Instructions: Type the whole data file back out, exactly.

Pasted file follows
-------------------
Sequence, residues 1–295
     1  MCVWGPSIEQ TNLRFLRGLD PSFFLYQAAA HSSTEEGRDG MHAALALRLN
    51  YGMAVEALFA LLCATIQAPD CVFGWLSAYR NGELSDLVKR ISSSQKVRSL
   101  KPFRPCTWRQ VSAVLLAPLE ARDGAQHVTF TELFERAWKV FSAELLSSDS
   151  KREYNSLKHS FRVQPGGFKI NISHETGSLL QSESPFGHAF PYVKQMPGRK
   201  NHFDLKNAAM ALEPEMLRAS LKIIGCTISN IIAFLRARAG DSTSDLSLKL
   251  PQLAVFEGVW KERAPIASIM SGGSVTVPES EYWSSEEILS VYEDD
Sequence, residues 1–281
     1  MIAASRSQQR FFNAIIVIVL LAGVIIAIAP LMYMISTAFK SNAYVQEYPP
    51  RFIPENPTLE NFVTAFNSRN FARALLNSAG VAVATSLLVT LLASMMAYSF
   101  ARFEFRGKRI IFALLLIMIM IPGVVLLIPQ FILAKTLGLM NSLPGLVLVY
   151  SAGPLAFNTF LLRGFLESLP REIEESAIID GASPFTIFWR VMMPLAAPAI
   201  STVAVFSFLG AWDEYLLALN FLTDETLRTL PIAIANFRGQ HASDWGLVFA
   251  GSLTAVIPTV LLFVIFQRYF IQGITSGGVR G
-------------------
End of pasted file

Sequence, residues 1–295
     1  MCVWGPSIEQ TNLRFLRGLD PSFFLYQAAA HSSTEEGRDG MHAALALRLN
    51  YGMAVEALFA LLCATIQAPD CVFGWLSAYR NGELSDLVKR ISSSQKVRSL
   101  KPFRPCTWRQ VSAVLLAPLE ARDGAQHVTF TELFERAWKV FSAELLSSDS
   151  KREYNSLKHS FRVQPGGFKI NISHETGSLL QSESPFGHAF PYVKQMPGRK
   201  NHFDLKNAAM ALEPEMLRAS LKIIGCTISN IIAFLRARAG DSTSDLSLKL
   251  PQLAVFEGVW KERAPIASIM SGGSVTVPES EYWSSEEILS VYEDD
Sequence, residues 1–281
     1  MIAASRSQQR FFNAIIVIVL LAGVIIAIAP LMYMISTAFK SNAYVQEYPP
    51  RFIPENPTLE NFVTAFNSRN FARALLNSAG VAVATSLLVT LLASMMAYSF
   101  ARFEFRGKRI IFALLLIMIM IPGVVLLIPQ FILAKTLGLM NSLPGLVLVY
   151  SAGPLAFNTF LLRGFLESLP REIEESAIID GASPFTIFWR VMMPLAAPAI
   201  STVAVFSFLG AWDEYLLALN FLTDETLRTL PIAIANFRGQ HASDWGLVFA
   251  GSLTAVIPTV LLFVIFQRYF IQGITSGGVR G